“It turned into a lender which financed its owners”: Central Bank.
It’s Friday, and another Russian bank gets taken over and most of its creditors get bailed out by the Central Bank, this time the 10th largest bank in Russia, Promsvyazbank – with the top six being state-owned banks; with number seven, Bank Otkritie, having toppled in August; with number 12, B&N Bank, having toppled in September; and with Jugra Bank having gotten its banking licence revoked in July for having falsified its accounts.
The bailout of Promsvyazbank (PSB) will require between 100 billion rubles and 200 billion rubles (between $1.7 billion and $3.4 billion), based on a preliminary estimate, said Central Bank deputy governor Vasily Pozdyshev on Friday, according to Reuters.
“Preliminary estimates” of bank-bailout costs have a way of morphing into bigger ones. The Central Bank, which is also the banking regulator, has already increased its estimate for the combined cost of the bailouts of Otkritie and B&N Bank to 820 billion rubles ($14 billion), but it now deems both too financially weak to continue.
The combined assets of PSB, Otkritie, and B&N would amount to 4 trillion rubles, equivalent to Russia’s fourth biggest bank, according to Reuters calculations. By comparison, Russia’s largest bank, state-controlled Sberbank, accounts for one-third of the Russian banking system, as it says, and has 22 trillion rubles ($374 billion) in assets.
PSB’s subordinated debt will likely be written off, Pozdyshev said. Shareholders will also take a big hit or be wiped out. They include as of the end of November: The European Bank for Reconstruction and Development, Russian financial group Budushchee, the Credit Bank of Moscow, and non-state pension fund Safmar.
But the Central Bank plans to honor the PSB’s other obligations to creditors and bondholders, which include other Russian banks. It always does this to avoid contagion.
The Central Bank will provide funds to support the bank’s liquidity and will send temporary administrators to take control of the bank, which would be operating as normal, Pozdyshev said.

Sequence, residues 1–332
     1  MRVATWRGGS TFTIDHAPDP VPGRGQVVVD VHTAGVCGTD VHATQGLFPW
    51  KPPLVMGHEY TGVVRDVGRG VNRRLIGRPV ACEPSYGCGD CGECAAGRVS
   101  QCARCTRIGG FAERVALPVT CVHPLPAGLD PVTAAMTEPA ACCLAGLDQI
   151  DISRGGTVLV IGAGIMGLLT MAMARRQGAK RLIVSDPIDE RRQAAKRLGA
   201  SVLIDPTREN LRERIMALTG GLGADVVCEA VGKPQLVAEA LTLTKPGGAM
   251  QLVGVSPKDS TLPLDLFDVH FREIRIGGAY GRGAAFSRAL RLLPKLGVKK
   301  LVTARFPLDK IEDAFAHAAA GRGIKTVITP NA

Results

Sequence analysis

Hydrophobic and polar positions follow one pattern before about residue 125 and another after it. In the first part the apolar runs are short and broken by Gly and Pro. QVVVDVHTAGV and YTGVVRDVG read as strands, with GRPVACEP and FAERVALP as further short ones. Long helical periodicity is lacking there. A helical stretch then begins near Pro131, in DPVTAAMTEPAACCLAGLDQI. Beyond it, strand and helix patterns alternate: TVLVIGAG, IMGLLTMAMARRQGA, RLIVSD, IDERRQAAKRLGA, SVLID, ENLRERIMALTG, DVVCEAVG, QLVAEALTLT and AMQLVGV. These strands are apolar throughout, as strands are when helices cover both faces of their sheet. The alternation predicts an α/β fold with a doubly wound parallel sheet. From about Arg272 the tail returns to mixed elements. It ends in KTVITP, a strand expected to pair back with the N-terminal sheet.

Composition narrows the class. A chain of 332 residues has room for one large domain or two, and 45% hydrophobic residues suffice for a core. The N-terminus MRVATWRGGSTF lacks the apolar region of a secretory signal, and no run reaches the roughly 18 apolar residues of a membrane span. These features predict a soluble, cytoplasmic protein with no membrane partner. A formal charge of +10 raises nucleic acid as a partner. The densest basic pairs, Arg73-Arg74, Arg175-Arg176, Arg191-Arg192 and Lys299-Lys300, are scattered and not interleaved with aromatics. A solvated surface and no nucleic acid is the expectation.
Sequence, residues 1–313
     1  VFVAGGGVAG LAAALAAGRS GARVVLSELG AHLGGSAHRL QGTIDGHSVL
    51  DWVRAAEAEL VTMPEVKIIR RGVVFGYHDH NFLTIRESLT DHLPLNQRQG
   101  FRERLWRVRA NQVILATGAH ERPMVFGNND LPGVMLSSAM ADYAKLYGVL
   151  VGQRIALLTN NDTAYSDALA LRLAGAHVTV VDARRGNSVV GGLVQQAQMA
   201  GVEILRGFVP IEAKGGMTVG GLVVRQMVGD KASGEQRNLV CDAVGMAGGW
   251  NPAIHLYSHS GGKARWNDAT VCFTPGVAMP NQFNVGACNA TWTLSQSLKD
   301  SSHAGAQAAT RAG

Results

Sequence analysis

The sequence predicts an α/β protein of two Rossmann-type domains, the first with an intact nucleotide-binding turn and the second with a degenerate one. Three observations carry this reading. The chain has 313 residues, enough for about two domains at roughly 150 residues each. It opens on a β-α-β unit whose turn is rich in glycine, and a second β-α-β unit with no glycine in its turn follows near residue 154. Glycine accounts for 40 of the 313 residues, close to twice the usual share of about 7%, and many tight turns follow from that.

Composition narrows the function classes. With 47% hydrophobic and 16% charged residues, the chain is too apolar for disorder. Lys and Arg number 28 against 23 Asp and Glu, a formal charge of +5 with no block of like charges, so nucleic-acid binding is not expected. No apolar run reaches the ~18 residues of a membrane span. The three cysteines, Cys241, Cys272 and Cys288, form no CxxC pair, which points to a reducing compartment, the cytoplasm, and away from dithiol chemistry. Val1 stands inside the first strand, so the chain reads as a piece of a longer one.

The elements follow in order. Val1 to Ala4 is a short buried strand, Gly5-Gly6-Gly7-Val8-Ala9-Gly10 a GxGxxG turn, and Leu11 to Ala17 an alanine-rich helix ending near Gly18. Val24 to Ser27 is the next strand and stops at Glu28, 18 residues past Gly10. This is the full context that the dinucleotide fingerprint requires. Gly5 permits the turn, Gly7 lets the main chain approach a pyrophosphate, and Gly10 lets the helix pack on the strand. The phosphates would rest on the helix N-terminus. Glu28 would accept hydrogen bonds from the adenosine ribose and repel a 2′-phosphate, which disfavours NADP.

The bailout came after late-night talks between PSB’s co-owner and chairman, Dmitry Ananyev, and Central Bank governor Elvira Nabiullina, agreed on the bailout, “people with direct knowledge of the matter” told Reuters.
Dmitry Ananyev and his brother, Alexei, together control over 50% of the bank. Reuters:
Pozdyshev said PSB had a healthy business model before the global financial crisis of 2008 drove up non-performing loans.
The bank’s owners shifted assets that were collateral for those loans to other parts of their empire. Those assets created a drag on the other parts of the owners’ holding, so Promsvyazbank had to pour more money into them, Pozdyshev said.
“So from a market-focused bank it turned into a lender which financed its owners,” Pozdyshev said. “The amount of loans issued to the owners exceeds the bank’s capital.”
PSB has loaned its owners over 150 billion rubles, he said. The owners aren’t going to pay back those loans, it seems, and the bank needs to set up 150 billion rubles in bad loan provisions, which would knock its capital down by that much. The bank’s capital had already been knocked down to 52 billion rubles earlier this week when the bank increased its bad loan provisions by 104 billion rubles to recognize reality on other loans. What’s left is a big gaping capital hole.
The Ananyevs brothers control another bank, Vozrozhdenie Bank, Russia’s 36th largest. As punishment for having strip-mined PSB, the brothers must now reduce their holdings of Vozrozhdenie to 10%, per central bank rules.
August 18, shortly before Otkritie was taken over, Fitch had warned about the “liquidity squeeze” at non-state-owned Russian banks, singling out four – Otkritie, B&N Bank, PSB, and Credit Bank of Moscow – three of which have now toppled.
The Central Bank is currently tightening the rules about lending to related parties and is demanding stronger capital buffers. These new rules will take effect on January 1. As Reuters put it:
The stricter rules make the business of so-called “pocket banks” – creatures of the early capitalist years of Russia – less profitable.
PSB, Otkritie, and B&N Bank weren’t the last banks to get taken down, but they were among the biggest. Since 2013, the Central Bank has shut down over 300 banks. There are still over 500 banks in Russia. And the cleanup of that reeking industry and the bailout of its bondholders are not yet finished.
Here’s what happened to Otkritie, Russia’s largest bank bailout. Read… Fearing Contagion, Russia Bails Out Bondholders in its Biggest Bank Collapse Yet
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